Recent history is quickly forgotten, yet the present case carries disturbing echoes for us of the case of the six innocent Irishmen, also from Birmingham, wrongly convicted of the bombing of two Birmingham pubs in 1974. The impact of the bombings themselves continues to this day, but so too does the impact of the police evidence on which the convictions were based – found 16 years later to be evidence created by police manipulation and fabrication that had been successfully suppressed.
The wrongful convictions of those six Irishmen in Birmingham in 1974 only began to unravel as part of a domino effect; the West Midlands Serious Crime Squad, many of whose officers had been involved in the fabrication of the prosecution evidence against the six men, continued to behave as recklessly as if they were in the wild west. Ultimately, the revelation of the repeated methodology used by named individual officers of creating false evidence in their notebooks came from too vast a pool of damning information to ignore; in case after case the same false propositions by the same officers which had convinced juries one by one in turn, when the names and the methodology was put together, the coincidences were overwhelming. Had the individual officers enjoyed anonymity – and a change of protected identity for each new operation, the six men would still be in prison today.
The curious features surrounding the finding of the bag constitute a dominant reason for concern.
The reporting of the verdict has suggested that the convictions came about as a result of a successful sting operation carried out by the undercover courier firm that required the employee to leave the key to his car with undercover officer “Vincent” who would park it in the premises whilst deliveries were made. That operation however for the best part of a month delivered nothing. The prosecution case depended upon accepting as true that on the one and only day when British Security officers would be present to insert bugging devices into Naweed Ali’s car (his first day at work when they would have opportunity and secrecy of access – he having handed his key for the car to be parked by Vincent in the premises while he made his delivery) there was there to be found,protruding from under the seat of his car, a bag with all the ingredients needed to convict him – an improvised pipe bomb with gunpowder inside, a number of shotgun cartridges and a meat cleaver with the word “kafir” scratched on it. Taped to a fake gun with sticky tape was a magazine with a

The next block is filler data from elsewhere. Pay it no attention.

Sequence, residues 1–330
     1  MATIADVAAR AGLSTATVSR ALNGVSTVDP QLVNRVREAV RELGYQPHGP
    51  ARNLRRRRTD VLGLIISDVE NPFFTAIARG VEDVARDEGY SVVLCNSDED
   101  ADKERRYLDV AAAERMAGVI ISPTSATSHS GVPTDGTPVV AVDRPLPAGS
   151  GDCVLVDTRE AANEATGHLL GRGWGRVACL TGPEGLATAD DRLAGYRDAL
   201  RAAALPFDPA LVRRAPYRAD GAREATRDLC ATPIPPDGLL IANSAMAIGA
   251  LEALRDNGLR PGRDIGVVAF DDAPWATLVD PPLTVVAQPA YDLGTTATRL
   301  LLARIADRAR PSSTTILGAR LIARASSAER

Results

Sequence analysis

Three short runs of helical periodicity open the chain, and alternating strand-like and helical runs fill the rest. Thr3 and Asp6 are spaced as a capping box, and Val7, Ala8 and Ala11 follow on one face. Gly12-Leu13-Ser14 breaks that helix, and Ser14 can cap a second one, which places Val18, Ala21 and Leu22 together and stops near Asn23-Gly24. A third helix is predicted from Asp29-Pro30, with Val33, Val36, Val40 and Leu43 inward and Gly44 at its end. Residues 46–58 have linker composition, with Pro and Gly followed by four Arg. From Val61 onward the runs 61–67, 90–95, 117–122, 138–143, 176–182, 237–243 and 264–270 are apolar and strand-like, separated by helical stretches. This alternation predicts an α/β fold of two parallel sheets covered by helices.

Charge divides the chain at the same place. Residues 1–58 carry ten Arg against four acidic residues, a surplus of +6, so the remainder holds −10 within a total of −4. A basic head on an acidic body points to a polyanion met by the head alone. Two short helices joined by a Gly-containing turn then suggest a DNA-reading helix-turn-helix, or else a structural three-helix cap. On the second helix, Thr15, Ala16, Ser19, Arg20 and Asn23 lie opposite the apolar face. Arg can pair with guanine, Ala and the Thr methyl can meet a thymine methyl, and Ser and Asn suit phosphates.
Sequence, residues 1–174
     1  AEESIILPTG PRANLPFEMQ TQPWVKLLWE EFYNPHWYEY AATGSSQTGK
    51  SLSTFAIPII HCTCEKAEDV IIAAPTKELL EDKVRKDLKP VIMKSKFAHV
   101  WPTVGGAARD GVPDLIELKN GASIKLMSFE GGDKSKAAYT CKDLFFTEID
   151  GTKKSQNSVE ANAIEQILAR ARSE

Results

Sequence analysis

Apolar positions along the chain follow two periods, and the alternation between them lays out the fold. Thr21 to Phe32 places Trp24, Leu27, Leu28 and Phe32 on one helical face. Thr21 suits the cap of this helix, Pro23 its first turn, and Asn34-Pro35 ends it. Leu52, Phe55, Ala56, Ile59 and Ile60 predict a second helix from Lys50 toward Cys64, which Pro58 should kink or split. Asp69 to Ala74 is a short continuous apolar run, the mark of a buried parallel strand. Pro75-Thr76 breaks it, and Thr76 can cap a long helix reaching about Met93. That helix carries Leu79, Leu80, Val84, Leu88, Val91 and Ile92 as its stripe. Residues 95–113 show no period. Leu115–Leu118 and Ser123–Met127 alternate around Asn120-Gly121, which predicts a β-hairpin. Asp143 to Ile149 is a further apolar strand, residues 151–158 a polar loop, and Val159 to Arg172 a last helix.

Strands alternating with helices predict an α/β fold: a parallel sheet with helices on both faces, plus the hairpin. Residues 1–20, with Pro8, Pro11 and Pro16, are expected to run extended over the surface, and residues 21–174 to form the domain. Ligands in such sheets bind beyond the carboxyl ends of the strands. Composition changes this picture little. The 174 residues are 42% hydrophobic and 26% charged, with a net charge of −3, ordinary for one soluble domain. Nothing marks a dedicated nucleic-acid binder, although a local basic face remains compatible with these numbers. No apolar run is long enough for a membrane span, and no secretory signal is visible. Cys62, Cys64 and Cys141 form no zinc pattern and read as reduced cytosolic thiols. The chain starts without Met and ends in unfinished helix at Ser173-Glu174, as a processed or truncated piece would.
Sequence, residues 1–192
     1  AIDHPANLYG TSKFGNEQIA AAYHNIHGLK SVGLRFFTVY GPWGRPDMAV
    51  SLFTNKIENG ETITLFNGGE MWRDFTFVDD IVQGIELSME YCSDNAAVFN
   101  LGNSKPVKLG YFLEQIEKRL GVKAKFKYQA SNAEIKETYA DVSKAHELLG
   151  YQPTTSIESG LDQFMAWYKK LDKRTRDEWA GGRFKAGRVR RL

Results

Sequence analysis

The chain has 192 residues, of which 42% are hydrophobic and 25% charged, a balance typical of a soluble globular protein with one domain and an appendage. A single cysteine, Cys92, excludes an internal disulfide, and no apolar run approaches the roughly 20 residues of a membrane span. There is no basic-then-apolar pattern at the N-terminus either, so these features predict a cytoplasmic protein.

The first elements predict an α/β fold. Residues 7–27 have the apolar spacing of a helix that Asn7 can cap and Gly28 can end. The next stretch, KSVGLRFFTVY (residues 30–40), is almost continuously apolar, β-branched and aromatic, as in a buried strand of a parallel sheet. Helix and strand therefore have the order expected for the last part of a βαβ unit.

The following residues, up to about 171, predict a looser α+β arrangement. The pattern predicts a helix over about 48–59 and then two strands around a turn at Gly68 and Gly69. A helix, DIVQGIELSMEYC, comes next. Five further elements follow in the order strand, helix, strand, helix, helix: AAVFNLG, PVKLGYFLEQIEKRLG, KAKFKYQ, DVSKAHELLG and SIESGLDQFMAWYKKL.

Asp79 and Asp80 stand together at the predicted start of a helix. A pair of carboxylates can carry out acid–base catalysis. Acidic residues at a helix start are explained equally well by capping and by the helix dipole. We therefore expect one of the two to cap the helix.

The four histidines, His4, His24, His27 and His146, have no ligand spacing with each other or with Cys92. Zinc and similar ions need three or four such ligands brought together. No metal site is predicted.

roll of sticky tape inside the bag too. The central thesis of the prosecution case was not that the men were entrapped into activity by a sting operation, but that a wholly accidental coincidence had unexpectedly occurred.
The defence lawyers had believed that the following factors would at the very least, satisfy a jury that they could not be certain that Naweed Ali had indeed known of the bag. There was no link of fingerprints with any of the defendants, the blanket surveillance kept on them by counter terrorism officers for more than a month before their arrest showed no activity capable of being interpreted as the acquisition of the bag or any of its contents. How could they under constant surveillance have accessed shotgun cartridges? How could they have assembled the component parts of an embryonic pipe bomb? And if they had, why would they assemble a bomb that was not viable which appeared to be understood to present no danger by its handler Vincent on its discovery? What of the account written retrospectively into a notebook claimed to have been compiled daily and at the time by Vincent for a month – that he had seen Khobaib Hussain with a “Multi coloured JD Sports bag”. How did that fit with the CCTV (retrieved only after Khobaib Hussain’s arrest and such a bag being said to have been found), of the purchase he actually made at JD Sports showing the bag to be in fact black and white?